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Please use this identifier to cite or link to this item: http://arks.princeton.edu/ark:/88435/dsp016108vd69v
Title: Characterization of the Role of Type I and III Interferon Receptor Signaling in Controlling Flavivirus Infection and the Development of Tools for Tracking Virally Infected Cells In Vivo
Authors: Soto Albrecht, Yentli Elis
Advisors: Ploss, Alexander
Department: Molecular Biology
Class Year: 2016
Abstract: Yellow fever virus (YFV) is an arbovirus that contributes significantly to human morbidity and mortality. The live-attenuated YFV vaccine strain, YFV-17D, is derived from the virulent YFV Asibi clinical isolate. One of the most efficient vaccines ever developed, YFV-17D represents a prototypical flavivirus convenient for the study of host control of infection. Although the role of type I and II IFNs in controlling YFV-17D infection has been previously described in vivo, the role of type III IFN is incompletely understood. We characterized the clinical phenotype of mice deficient for type I, type III, and type I and III IFN receptors upon challenge with YFV-17D. We observed that type III IFN contribution to the control of YFV-17D infection was additive to type I as only type I-III IFN knock-out (KO) mice exhibited a significant mortality (>50%). Although both type I and type I-III KO mice displayed high viral load in serum and evidence of adaptive immune response activation, type I-III KO mice showed significant viral neuroinvasion and partial evasion of the adaptive immune response. In this work, we propose a model where type III IFN signaling is critical in preventing blood brain barrier permeability during failure of the type I IFN-mediated innate immune response against YFV-17D. In tandem, we recognized the general dearth of molecular tools for the study of host immune control of YFV-17D infection, and made progress in developing two tools for this purpose. A YFV-17D recombinant reporter strain and a platform for the detection of intracellular YFV-17D RNA in single cells, while unique in their use and applicability to in vitro and in vivo experimentation, will nonetheless prove valuable tools for the investigation of host and flavivirus biology.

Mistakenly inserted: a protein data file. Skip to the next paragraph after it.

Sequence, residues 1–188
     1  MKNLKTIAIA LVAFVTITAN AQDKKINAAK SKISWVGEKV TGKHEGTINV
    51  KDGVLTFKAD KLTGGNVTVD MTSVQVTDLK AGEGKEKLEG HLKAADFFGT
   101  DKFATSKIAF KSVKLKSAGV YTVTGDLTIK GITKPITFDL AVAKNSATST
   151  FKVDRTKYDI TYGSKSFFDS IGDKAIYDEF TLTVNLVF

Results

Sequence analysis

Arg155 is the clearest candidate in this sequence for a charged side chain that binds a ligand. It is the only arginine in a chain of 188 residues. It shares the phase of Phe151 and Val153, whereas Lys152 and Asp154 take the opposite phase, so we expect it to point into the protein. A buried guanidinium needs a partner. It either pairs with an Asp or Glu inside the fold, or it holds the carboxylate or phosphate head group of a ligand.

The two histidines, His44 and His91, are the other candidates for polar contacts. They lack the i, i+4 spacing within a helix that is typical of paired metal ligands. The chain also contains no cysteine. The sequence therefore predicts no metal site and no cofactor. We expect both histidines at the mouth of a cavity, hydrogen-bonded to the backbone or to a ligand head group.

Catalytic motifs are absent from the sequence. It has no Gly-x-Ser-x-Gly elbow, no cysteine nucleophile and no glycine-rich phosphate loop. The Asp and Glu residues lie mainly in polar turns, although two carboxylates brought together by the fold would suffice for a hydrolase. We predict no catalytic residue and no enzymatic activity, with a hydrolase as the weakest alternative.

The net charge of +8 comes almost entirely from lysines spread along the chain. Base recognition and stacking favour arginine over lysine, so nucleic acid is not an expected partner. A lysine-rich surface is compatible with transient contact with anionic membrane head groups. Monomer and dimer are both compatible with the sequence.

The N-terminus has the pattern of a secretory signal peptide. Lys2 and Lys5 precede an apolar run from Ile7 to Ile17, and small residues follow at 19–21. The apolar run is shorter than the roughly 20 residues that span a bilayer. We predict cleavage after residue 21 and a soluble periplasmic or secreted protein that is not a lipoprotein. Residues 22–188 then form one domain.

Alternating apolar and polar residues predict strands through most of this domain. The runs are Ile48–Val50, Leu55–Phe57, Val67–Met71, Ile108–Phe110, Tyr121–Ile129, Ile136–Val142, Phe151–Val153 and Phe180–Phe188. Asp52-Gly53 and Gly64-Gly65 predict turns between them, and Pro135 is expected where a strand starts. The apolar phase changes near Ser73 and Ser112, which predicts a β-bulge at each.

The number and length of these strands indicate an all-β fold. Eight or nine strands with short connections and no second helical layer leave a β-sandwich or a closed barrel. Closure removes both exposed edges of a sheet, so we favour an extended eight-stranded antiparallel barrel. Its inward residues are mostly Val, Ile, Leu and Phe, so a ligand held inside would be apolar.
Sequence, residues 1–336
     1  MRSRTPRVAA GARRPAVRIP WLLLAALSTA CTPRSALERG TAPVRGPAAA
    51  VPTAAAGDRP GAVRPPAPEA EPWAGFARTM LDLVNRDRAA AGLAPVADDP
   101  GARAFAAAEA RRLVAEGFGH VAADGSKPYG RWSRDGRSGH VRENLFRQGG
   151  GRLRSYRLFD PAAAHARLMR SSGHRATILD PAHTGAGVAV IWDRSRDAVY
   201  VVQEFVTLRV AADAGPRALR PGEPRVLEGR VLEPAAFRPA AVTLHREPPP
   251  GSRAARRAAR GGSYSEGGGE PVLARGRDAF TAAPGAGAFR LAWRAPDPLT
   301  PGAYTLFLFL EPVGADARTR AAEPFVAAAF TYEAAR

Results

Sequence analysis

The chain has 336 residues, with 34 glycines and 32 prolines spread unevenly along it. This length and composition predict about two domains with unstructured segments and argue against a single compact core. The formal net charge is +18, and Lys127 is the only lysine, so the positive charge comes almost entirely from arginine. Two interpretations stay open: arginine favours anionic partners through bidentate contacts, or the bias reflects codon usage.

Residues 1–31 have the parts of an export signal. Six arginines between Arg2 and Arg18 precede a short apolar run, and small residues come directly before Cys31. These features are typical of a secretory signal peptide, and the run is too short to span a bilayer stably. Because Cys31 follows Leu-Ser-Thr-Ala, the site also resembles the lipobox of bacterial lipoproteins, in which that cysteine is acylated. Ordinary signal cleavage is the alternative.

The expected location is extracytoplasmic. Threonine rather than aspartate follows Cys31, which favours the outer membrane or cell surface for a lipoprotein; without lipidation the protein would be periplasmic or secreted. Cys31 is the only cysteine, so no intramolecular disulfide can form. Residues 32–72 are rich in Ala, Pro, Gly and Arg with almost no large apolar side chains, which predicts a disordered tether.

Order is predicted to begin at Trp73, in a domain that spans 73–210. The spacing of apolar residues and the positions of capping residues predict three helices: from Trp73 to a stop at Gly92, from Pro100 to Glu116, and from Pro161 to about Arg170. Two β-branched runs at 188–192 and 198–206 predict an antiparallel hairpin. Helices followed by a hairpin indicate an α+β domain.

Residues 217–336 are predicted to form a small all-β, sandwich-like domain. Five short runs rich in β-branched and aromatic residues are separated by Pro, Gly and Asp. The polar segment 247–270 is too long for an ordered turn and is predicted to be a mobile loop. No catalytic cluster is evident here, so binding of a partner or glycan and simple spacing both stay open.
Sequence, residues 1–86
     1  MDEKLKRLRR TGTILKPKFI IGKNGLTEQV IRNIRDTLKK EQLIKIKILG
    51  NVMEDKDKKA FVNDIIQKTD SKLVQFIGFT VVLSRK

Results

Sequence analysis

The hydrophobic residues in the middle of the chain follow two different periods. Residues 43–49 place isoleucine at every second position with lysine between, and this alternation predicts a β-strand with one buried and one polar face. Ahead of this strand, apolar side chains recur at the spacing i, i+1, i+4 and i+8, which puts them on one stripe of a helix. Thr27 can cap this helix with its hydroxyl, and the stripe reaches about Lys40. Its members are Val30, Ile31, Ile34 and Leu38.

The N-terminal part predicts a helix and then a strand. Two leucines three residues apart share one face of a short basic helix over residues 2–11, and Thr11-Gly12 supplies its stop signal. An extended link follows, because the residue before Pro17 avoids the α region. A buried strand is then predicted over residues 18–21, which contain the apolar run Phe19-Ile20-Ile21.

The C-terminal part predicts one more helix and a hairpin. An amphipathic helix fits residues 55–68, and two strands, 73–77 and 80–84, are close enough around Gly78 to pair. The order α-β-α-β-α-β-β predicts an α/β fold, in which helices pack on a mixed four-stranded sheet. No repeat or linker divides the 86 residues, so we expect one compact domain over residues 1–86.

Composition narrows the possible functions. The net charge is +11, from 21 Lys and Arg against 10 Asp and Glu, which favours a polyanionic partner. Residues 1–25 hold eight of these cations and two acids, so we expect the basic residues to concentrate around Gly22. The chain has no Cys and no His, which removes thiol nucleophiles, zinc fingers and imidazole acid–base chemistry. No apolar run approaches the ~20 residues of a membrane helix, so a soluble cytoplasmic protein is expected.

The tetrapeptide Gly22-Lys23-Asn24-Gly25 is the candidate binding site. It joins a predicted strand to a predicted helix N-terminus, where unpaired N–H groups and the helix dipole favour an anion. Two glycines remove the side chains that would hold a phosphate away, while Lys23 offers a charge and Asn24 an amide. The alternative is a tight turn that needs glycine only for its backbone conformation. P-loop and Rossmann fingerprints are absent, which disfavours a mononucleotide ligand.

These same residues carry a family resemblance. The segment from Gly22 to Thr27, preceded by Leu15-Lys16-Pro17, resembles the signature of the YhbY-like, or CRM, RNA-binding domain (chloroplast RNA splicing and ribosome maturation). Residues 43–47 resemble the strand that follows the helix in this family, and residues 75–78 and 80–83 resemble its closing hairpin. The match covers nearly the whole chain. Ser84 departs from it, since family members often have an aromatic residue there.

Extent: 115
URI: http://arks.princeton.edu/ark:/88435/dsp016108vd69v
Type of Material: Princeton University Senior Theses
Language: en_US
Appears in Collections:Molecular Biology, 1954-2016

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